Life of a German migrant in Haebangchon
At the end of 2012, a group of young Seoulites published the third issue of their magazine Namsangol. One of them had contacted me earlier last year regarding my photo series about a graffiti in Haebangchon, the neighbourhood I was living in at the time. To my great pleasure, I was contacted again in October by another member of the group who asked me if I wanted to join them. Even though I had already left South Korea, I gladly accepted their invitation. The result was an autobiographical piece, which they published in both English and Korean, alongside some snapshots I took in Haebangchon (HBC).
Click here to download the article as a PDF (23 MB)
The members of the Namsangol team all live in Haebangchon, which is located in the southern valley of Namsan, a 262m peak in the heart of Seoul. Hence the name of the magazine: Namsangol means ‘South Mountain Valley’.
The group started working on the first issue in the spring of 2012. While the number of people who work on each issue fluctuates somewhere between 7 and 15, Younguk Bae, as publisher, and Haeji Jeong, as editor in chief, are permanent members since the beginning.
According to Haeji, the magazine has no single, obvious mission. The content of each issue depends on who is contributing to it at the time. Some use the magazine to strike up relationships with other locals in HBC; others enjoy the magazine as an interesting project in their off time, though it doesn’t seem that they lead boring lives to begin with.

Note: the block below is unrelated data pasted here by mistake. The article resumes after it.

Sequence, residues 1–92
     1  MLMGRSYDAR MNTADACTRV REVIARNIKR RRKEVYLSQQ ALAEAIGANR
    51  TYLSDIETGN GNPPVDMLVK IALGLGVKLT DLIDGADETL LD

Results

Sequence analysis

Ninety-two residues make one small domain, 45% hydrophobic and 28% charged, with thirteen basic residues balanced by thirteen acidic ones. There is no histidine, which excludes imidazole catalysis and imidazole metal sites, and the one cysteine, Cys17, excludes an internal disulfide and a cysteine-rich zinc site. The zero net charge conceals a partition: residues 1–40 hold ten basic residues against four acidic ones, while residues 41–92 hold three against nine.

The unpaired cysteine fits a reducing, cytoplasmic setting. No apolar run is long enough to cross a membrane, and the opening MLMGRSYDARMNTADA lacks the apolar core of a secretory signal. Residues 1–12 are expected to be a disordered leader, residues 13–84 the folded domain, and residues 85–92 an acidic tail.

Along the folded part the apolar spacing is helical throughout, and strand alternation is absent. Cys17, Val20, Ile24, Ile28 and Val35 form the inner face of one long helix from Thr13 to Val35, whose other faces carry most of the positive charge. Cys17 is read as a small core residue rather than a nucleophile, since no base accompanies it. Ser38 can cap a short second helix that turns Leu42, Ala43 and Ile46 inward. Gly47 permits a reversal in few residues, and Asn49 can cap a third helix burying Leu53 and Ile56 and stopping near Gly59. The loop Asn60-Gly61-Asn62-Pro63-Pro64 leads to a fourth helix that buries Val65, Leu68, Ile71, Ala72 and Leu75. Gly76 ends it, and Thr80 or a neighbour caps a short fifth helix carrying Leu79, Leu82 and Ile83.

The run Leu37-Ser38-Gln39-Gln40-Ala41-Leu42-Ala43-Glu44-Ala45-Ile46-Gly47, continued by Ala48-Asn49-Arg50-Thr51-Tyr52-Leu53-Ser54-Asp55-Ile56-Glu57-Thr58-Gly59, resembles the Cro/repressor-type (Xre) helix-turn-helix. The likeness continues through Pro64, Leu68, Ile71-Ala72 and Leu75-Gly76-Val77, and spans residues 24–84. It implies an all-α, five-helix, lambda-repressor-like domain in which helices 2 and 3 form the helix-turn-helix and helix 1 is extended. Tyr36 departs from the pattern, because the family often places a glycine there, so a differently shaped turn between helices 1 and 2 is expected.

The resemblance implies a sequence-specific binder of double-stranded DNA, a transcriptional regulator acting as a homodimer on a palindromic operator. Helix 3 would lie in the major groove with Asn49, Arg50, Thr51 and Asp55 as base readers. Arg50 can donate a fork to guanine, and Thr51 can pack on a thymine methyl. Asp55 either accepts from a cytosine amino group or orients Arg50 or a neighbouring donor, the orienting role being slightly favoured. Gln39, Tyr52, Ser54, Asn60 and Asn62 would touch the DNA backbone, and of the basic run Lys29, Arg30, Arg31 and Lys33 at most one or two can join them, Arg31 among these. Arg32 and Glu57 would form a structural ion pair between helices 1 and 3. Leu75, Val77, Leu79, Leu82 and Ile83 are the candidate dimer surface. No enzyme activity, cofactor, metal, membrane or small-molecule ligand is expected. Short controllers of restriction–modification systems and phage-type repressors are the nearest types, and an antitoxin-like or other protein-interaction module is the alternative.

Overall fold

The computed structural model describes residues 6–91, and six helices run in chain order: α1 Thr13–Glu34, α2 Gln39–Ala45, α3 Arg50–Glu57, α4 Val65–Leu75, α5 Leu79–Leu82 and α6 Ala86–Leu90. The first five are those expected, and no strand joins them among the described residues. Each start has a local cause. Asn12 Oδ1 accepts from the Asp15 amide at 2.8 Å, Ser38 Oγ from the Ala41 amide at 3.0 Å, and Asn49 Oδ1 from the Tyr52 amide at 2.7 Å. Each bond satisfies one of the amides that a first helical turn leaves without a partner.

The Namsangol writers are somewhere between their early 20s and mid-30s and come from all walks of life. Some work for an architecture firm, one teaches yoga, another one is a playwright, one creates children’s books, and some are studying. The one element they all have in common is that they love their multicultural neighbourhood, which is home to a mix of Korean and foreign residents from faraway places, such as the Philippines, Nigeria, Germany or the United States.
To some, publishing three issues over the course of ten months might seem small potatoes, but bear in mind that they accomplished it next to their already busy schedules, paid only with the pleasure they all take from working together.
Up until now, Namsangol is sponsored by HAEAHN Architecture and The Seoul Institute, an independent research organisation established and supported by the Seoul Metropolitan Government. For the future, the team is exploring other options to finance the magazine. Namsangol is available free of charge in local shops in Haebangchon.